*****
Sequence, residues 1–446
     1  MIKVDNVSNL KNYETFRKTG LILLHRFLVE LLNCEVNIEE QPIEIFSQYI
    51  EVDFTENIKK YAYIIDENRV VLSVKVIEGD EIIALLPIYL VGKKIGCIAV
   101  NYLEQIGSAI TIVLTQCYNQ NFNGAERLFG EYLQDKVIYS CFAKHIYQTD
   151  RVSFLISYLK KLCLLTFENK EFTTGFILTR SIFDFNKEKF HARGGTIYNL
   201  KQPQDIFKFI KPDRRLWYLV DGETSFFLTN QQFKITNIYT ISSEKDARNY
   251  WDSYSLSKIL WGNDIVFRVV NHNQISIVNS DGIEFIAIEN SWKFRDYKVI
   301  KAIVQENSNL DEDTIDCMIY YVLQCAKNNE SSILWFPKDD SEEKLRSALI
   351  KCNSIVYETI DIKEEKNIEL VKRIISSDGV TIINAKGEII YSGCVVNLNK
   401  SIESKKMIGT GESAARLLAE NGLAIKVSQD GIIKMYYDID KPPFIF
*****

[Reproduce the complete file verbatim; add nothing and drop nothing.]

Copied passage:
Sequence, residues 1–446
     1  MIKVDNVSNL KNYETFRKTG LILLHRFLVE LLNCEVNIEE QPIEIFSQYI
    51  EVDFTENIKK YAYIIDENRV VLSVKVIEGD EIIALLPIYL VGKKIGCIAV
   101  NYLEQIGSAI TIVLTQCYNQ NFNGAERLFG EYLQDKVIYS CFAKHIYQTD
   151  RVSFLISYLK KLCLLTFENK EFTTGFILTR SIFDFNKEKF HARGGTIYNL
   201  KQPQDIFKFI KPDRRLWYLV DGETSFFLTN QQFKITNIYT ISSEKDARNY
   251  WDSYSLSKIL WGNDIVFRVV NHNQISIVNS DGIEFIAIEN SWKFRDYKVI
   301  KAIVQENSNL DEDTIDCMIY YVLQCAKNNE SSILWFPKDD SEEKLRSALI
   351  KCNSIVYETI DIKEEKNIEL VKRIISSDGV TIINAKGEII YSGCVVNLNK
   401  SIESKKMIGT GESAARLLAE NGLAIKVSQD GIIKMYYDID KPPFIF